This Harry Potter Theory Makes Complete Fools Of Pure-Blood Supremacists
Are all witches and wizards descendants from Muggles?
- One of the biggest questions in Wizarding World fandom is where and how Muggle-borns get their magical powers.
- There are many theories, including that of J.K. Rowling.
- The author explained that there is a special magic gene that is passed down from one generation to the next.
- This theory gave birth to another, more plausible one, which not only explains Muggle-born magical siblings, but also destroys the pure-blood doctrine.
J.K. Rowling's Wizarding World is a complex and intricate universe that has mesmerized generations of readers and viewers around the world. While the basic idea of the universe - wizards and witches living among non-magical people called Muggles - is simple and exciting, it also leaves much room for speculation.
One of the most popular questions among fans is how Muggle-borns like Hermione Granger and Lily Evans can become wizards and witches when their parents and close relatives do not have magical powers.
Since the original books give hardly any answers to this question, fans have been theorizing for years about how the whole magic-discovery thing works for Muggles.
Official and fan theories
Official sources have also tried to explain the mystery. The Wizarding World website, for example, says that the wizarding community used to believe that magic would just 'bob up' out of nowhere in Muggle-born kids, so they called such children 'Magbobs'.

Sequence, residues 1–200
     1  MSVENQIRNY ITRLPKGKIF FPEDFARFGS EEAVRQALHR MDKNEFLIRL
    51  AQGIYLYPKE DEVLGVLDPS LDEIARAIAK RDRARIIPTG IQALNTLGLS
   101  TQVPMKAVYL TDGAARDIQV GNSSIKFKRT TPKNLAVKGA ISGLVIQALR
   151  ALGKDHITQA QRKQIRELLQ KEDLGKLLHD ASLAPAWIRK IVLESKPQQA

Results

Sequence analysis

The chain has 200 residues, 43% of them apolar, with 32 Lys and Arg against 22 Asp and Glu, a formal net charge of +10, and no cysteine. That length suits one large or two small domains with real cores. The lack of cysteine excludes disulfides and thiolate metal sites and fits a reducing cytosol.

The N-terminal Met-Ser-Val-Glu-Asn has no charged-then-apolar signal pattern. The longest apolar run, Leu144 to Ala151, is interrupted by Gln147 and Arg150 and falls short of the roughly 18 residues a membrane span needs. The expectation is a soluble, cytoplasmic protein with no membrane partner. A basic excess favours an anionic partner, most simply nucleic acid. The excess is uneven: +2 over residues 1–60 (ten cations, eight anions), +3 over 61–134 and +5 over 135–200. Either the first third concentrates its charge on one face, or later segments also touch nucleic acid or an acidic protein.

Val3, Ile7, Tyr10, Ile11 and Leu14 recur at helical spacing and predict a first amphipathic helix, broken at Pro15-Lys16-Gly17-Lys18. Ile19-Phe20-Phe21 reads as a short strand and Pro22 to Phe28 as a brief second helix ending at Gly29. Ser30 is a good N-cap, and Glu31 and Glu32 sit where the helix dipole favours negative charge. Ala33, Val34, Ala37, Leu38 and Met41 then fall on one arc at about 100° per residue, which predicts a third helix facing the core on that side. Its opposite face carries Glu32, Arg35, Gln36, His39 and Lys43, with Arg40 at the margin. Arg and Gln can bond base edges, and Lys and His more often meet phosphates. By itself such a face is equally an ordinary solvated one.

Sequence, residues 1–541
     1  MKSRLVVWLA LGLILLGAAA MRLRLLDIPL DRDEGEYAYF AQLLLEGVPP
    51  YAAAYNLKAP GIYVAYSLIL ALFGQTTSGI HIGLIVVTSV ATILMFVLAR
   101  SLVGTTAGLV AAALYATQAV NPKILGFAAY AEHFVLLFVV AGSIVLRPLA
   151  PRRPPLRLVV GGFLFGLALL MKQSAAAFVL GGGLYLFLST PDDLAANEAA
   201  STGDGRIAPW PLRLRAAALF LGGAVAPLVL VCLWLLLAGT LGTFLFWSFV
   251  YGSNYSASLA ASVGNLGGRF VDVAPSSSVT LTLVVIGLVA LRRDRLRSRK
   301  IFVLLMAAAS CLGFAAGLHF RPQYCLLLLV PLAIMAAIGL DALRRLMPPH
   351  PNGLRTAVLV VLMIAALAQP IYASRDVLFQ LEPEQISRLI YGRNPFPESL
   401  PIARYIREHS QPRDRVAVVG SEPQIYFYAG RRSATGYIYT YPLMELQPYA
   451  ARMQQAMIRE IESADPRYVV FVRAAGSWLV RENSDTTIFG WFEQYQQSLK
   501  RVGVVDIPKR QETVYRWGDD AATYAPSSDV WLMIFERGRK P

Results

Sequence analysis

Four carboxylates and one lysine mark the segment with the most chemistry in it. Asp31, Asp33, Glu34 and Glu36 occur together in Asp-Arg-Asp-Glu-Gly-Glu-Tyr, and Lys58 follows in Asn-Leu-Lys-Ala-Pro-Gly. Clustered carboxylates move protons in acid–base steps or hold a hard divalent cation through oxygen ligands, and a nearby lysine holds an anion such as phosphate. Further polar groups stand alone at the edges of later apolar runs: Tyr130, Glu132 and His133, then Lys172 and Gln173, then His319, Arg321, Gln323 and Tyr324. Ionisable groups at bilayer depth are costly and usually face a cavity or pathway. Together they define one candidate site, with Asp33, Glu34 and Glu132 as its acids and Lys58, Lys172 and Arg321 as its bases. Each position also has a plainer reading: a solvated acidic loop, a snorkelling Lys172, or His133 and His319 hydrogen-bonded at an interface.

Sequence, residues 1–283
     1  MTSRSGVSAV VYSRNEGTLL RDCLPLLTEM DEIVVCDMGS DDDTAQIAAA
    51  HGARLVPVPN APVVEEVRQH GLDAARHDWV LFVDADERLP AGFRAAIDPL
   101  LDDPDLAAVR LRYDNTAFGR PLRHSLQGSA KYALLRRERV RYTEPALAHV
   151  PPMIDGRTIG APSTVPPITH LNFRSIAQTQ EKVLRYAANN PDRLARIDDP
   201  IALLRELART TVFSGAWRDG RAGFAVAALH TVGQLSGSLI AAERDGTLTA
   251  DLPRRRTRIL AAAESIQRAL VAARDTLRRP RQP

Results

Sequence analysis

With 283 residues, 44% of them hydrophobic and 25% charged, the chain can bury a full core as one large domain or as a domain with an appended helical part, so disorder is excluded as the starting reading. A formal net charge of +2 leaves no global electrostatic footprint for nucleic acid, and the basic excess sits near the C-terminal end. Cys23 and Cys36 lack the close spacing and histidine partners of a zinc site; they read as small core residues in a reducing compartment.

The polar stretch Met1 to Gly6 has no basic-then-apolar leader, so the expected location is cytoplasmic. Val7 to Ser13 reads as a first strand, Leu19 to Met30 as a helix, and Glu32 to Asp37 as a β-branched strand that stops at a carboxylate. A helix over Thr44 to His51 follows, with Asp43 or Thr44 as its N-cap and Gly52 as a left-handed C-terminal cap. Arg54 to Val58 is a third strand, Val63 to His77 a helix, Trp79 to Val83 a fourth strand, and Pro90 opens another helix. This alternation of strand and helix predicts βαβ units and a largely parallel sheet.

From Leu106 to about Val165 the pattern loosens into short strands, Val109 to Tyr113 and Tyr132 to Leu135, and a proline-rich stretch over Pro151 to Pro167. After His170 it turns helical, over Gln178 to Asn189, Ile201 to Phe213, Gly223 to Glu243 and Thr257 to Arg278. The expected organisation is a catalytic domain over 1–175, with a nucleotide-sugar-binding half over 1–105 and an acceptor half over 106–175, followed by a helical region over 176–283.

J.K. Rowling offered her own, much deeper theory in the Bloomsbury webchat.
'Muggleborns will have a witch or wizard somewhere on their family tree, in some cases many, many generations back. The gene re-surfaces in some unexpected places,' she said.
The idea of a special magic gene is indeed intriguing and gives fans the opportunity for further speculation.
The Harry Potter Wiki offers a theory that the magical ancestors of the Muggle-borns are actually all Squibs, who lost not only their magical powers, but also their knowledge of them. So when the magic gene reappears many generations later, it's as if the magic came out of the blue.
Other fans are certain that there can't be a single magic gene, but rather a combination of genetic factors that cause Muggle-born children to become wizards and witches. This theory explains how Muggle-born siblings - like Colin and Dennis Creevey - could both become students at Hogwarts.
More than that, this theory puts pure-blood supremacy under a great deal of scrutiny.
Pure-blood doctrine makes no sense
The idea that magic comes from a mixture of genes makes it clear that pure-blood supremacists, who are clearly a metaphor for various real-life intense nationalist movements, are simply wrong in their belief that they are somehow unique and superior to Muggle-borns.
The theory clearly states that the first wizards and witches were born of Muggle parents after a mysterious combination of genes took place. Eventually, this 'accident' became common and a large wizarding community was formed.
Wizard-born children inherited the combination of genes, and some of them preferred to forget their Muggle background and started calling themselves pure-bloods.
Well, if the wizarding community had been more accepting of Muggle science and included genetics in their schooling, there probably wouldn't be any pure-blood elitists at all.